Back in the 1980s, GM experimented a lot with turbocharged engines, which was in sync with industry trends at that time. The most famous of them all was the Buick Grand National or Buick GNX. It featured a 3.8-liter turbocharged V6 engine with a fewer than five-second 0 to 60 mph acceleration time. With that kind of firepower, those black Buicks were terrorizing the drag strips and stoplights. By the early 1990s, the Buicks were gone, so GM engineers were looking for a place to install their turbo hardware.
The GM engineers decided to make a crazy sports truck out of a plebian Chevrolet S10. It would be a compact pickup with diminutive four-cylinder power. This is how the GMC Syclone was born. GM took an ordinary S10 body shell and installed a 4.3-liter V6 with a turbocharger good for 280 HP. It had a special four-speed automatic GM sourced from the Corvette and a performance-based all-wheel drive.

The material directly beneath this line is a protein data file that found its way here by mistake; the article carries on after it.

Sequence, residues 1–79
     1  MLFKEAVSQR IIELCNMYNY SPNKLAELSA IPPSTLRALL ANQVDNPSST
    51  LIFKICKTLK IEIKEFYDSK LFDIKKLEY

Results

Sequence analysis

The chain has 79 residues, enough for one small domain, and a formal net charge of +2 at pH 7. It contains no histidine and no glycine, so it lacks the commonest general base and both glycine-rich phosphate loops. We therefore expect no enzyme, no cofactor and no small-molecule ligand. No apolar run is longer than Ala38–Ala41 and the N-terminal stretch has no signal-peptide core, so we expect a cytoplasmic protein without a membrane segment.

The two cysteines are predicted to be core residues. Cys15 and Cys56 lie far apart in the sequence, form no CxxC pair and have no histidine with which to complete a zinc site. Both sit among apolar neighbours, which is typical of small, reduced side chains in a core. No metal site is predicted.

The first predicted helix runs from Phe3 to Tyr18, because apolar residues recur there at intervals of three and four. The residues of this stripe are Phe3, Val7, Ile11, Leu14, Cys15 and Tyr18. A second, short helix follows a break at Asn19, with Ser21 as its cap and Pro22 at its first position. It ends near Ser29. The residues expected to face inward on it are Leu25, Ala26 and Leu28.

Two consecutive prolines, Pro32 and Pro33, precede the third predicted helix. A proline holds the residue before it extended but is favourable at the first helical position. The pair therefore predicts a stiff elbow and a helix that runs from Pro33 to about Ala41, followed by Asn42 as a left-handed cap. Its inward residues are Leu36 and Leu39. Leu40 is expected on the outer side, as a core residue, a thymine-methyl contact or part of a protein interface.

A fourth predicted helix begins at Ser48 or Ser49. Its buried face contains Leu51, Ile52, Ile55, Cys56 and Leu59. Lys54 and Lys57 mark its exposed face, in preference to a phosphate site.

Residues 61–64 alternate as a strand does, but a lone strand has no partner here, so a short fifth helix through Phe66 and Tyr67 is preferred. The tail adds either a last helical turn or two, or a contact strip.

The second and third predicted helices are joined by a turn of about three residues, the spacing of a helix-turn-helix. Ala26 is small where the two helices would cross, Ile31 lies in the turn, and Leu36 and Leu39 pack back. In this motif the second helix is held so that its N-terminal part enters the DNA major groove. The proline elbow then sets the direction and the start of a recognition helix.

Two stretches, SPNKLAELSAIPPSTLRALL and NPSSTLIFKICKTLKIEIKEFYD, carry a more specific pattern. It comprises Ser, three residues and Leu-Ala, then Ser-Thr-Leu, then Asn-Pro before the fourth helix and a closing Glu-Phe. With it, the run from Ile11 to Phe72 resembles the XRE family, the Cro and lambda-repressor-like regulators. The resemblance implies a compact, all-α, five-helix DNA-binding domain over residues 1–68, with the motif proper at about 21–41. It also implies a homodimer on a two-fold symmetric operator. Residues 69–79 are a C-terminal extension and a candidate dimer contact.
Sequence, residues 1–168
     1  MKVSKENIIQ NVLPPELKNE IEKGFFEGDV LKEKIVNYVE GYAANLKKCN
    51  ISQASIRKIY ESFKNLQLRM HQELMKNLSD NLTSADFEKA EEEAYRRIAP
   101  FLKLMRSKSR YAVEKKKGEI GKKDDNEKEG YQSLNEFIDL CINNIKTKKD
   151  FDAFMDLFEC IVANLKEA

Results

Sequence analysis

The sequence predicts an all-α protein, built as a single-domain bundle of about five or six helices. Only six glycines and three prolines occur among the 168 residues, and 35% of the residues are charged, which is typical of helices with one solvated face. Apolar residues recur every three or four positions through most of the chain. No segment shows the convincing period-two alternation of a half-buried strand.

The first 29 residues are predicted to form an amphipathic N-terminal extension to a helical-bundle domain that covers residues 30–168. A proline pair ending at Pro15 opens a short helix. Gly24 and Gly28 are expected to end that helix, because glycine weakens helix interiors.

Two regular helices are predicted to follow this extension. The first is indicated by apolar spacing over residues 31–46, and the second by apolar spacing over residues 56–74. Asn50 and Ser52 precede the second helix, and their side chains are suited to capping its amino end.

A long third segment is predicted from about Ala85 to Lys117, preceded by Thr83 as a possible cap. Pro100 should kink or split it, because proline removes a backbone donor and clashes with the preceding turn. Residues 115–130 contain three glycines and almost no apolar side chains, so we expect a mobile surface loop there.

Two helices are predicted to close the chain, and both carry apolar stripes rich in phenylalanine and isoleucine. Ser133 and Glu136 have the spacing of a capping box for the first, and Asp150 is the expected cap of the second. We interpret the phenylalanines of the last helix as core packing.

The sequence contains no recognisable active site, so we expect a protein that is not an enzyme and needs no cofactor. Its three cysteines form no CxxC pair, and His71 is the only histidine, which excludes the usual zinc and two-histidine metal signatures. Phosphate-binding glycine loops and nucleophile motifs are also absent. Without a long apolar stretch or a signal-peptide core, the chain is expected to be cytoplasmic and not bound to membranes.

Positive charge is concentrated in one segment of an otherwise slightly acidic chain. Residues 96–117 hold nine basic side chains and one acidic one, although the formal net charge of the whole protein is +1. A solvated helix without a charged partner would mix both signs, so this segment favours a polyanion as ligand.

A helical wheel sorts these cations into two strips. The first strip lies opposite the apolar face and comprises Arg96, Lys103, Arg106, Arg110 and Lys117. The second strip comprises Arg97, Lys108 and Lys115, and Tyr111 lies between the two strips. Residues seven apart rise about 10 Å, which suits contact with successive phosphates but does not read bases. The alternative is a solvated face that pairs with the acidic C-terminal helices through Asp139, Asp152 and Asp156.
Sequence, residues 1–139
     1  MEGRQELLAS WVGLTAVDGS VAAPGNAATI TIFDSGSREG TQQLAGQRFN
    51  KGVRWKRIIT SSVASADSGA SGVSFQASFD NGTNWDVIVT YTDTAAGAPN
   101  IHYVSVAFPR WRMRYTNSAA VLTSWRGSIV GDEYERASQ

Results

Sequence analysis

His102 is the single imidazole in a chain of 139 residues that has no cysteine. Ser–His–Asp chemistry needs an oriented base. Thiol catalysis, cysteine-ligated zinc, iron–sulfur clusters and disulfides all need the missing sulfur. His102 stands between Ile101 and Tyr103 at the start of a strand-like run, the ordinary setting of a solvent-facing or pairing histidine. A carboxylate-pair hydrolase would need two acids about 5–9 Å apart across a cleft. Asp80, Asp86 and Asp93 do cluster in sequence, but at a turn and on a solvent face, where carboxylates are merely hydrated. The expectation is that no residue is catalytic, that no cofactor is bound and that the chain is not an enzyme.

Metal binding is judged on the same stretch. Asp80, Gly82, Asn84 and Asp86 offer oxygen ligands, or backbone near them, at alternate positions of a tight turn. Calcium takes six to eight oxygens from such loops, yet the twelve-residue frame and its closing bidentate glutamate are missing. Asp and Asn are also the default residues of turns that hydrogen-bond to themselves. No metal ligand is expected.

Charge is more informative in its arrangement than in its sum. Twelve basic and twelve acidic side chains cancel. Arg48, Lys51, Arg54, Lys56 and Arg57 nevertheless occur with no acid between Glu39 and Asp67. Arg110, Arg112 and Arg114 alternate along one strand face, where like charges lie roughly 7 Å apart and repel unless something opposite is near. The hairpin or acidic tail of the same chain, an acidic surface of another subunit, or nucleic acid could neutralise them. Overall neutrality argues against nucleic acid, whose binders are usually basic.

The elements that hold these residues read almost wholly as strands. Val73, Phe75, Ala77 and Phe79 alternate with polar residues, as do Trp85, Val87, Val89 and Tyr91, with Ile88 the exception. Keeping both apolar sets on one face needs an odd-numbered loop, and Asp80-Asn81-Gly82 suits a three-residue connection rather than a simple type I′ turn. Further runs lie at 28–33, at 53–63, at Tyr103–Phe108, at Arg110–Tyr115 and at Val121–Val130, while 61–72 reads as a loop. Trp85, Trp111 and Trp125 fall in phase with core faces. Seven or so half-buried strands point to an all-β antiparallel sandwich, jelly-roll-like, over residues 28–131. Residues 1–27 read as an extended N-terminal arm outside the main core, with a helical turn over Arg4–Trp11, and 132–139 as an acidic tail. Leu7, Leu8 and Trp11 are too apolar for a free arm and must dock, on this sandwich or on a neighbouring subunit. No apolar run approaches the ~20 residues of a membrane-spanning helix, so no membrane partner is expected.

The power figures may not sound like much these days, but the Syclone was able to sprint to 60 mph in just 5.3 seconds, making it faster than contemporary Ferraris. The key was its lightweight, small dimensions and lots of torque from a turbocharged engine. The price was significantly higher than the regular model.
GM built less than 3,000 Syclones, almost all of them in signature black color. The Syclone wasn’t the first performance truck, but it was a first turbocharged compact pickup GM designed to win stoplight races. This made it quite unusual and unique. Today, the GMC Syclone is a collector vehicle and a highly desirable model. It is still quite fast and can hold its own against those much younger and more powerful cars.